CCC 891 correctly states that Vatican II is infallible. Your view that it is fallable is not the view the Catholic Church. The Catechism contains a imprimi potest from none other than... Joseph Cardinal Raztinger who is the Pope. Also according to the Apostolic Constitution FIDEI DEPOSITUM [1] the Catechism of the Catholic Church, or CCC, is the official exposition of the teachings of the Catholic Church. That is from Pope John Paul II. Your claims that Vatican II is falliable is your error, not mine. (Runwiththewind 08:41, 14 July 2007 (UTC))
I claim that the majority scholarly opinion of credentialed Catholic theologians is that Dei Verbum contains no dogmatic definitions. (According to Lumen Gentium 25, ecumenical councils invoke their infallibility via the promulgation of dogmatic definitions.) I further claim that according to Wikipedia policy regarding notable secondary sources, this majority scholarly opinion merits inclusion in articles that discuss the infallibility of Dei Verbum and Vatican II in general. -- Cat Whisperer 19:01, 14 July 2007 (UTC)
  • Are you joking? Your claim that the Catholic majority scholarly opinion is not the Magisterium is false. Attendance up to 2540 at Vatican II. That is 2540 Bishops who disagree with your view. In the Catholic Church the majority scholarly opinion is the Magisterium. Here it is again, the citation from the teaching of the Magisterium, which you reject as a minority view, all 2540 Bishops ... #891. "The Roman Pontiff, head of the college of bishops, enjoys this infallibility in virtue of his office, when, as supreme pastor and teacher of all the faithful - who confirms his brethren in the faith he proclaims by a definitive act a doctrine pertaining to faith or morals. The infallibility promised to the Church is also present in the body of bishops when, together with Peter's successor, they exercise the supreme Magisterium, above all in an Ecumenical Council."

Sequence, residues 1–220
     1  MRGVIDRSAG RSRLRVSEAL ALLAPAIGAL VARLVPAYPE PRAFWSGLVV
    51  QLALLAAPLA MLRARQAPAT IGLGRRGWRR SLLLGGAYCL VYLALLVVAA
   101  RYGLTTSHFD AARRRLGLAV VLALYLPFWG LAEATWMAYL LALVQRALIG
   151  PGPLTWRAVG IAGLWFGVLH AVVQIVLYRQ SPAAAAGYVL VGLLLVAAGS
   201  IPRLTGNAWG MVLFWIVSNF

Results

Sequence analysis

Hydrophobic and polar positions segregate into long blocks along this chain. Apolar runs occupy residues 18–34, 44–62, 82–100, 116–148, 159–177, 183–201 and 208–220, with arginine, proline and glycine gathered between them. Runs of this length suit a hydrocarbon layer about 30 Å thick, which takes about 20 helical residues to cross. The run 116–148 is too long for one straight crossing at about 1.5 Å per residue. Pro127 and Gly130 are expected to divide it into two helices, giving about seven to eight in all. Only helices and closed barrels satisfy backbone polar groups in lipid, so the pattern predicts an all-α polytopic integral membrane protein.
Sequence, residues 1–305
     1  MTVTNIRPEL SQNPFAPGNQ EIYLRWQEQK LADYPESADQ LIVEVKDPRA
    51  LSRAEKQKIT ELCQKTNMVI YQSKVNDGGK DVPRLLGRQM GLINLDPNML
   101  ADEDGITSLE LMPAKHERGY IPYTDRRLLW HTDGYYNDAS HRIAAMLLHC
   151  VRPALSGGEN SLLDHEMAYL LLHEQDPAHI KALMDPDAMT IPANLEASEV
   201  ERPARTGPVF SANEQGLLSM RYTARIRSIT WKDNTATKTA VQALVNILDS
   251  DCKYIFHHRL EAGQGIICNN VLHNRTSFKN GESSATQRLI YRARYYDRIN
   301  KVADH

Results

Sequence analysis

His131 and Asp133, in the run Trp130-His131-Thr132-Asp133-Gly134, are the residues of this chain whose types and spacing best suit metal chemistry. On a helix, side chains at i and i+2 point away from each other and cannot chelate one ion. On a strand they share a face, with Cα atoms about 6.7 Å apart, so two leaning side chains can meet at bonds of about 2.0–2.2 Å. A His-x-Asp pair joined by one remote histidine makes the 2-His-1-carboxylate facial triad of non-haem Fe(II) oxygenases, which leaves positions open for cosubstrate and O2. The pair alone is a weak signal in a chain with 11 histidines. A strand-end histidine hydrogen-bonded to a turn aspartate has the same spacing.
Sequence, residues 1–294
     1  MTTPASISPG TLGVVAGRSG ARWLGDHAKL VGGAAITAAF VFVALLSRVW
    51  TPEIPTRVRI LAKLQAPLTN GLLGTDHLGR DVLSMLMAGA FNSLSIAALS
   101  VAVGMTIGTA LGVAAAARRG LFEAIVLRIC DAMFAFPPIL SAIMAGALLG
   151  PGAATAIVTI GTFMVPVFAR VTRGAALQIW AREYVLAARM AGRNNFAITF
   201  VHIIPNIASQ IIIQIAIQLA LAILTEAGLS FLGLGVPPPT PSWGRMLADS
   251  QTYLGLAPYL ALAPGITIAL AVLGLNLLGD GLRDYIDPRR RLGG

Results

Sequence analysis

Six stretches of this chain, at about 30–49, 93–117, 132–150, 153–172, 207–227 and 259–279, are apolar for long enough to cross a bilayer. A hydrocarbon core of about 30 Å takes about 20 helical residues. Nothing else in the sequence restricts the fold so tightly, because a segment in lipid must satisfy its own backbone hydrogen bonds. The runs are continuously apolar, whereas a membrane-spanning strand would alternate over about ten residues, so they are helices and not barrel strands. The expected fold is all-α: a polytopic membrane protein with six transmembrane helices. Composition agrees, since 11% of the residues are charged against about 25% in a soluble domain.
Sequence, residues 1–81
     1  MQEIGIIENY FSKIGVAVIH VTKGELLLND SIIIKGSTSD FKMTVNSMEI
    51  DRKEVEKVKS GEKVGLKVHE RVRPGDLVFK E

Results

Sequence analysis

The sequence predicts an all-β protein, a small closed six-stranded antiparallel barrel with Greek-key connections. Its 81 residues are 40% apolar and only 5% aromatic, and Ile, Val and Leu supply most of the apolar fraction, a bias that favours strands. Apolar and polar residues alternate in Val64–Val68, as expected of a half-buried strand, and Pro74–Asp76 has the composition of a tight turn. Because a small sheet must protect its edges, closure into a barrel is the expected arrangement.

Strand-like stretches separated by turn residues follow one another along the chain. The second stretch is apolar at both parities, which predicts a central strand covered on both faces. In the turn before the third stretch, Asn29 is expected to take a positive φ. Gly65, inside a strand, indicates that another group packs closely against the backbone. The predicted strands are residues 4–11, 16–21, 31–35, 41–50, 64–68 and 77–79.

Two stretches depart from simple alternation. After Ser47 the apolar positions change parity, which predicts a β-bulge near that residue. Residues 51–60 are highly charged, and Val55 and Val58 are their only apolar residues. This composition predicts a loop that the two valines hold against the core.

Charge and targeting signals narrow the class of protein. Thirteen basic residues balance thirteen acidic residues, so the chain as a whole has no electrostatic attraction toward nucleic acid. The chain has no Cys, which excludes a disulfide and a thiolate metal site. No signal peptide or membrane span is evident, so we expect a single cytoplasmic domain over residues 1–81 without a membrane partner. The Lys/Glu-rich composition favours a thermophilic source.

• SOLEMNLY PROMULGATED <--- promulagated by... as per Lumen Gentium.
  • POPE PAUL VI<--- The infallible Pope
  • ON NOVEMBER 18, 1965,
  • You reject that Vatican II is infallible yet cite Vatican II dogma like Lumen Gentium to support your own POV that other Vatican II dogmatic contitutions are not dogma. Your are wrong.
  • SOLEMNLY PROMULGATED BY HOLINESS <--- promulagated by... as per Lumen Gentium.
  • POPE PAUL VI<--- The infallible Pope
  • ON NOVEMBER 21, 1964
  • You have also rejected Pope John Paul II in his Apostolic Constitution that the Catechism represents the teaching of the Magisterium. Apparently this web sites above with Pope Benedict XVI rejecting your position don't matter either.(Runwiththewind 06:22, 15 July 2007 (UTC))
For the record, no, I am not joking. The difference is that I have actually provided solid secondary sources for the majority scholarly opinion, whereas you merely pretend that you have the authority to speak for all the fathers of the Second Vatican Council. Not that it matters here at Wikipdedia, but I do accept the actual teachings of the Catholic Church. What I don't accept is your delusion of speaking for the Church's magisterium. Your being mistaking regarding nearly every single point you have made here at Wikipedia is one thing, but your continued attribution of your mistakes to the Holy Father is just plain obnoxious. -- Cat Whisperer 01:37, 16 July 2007 (UTC)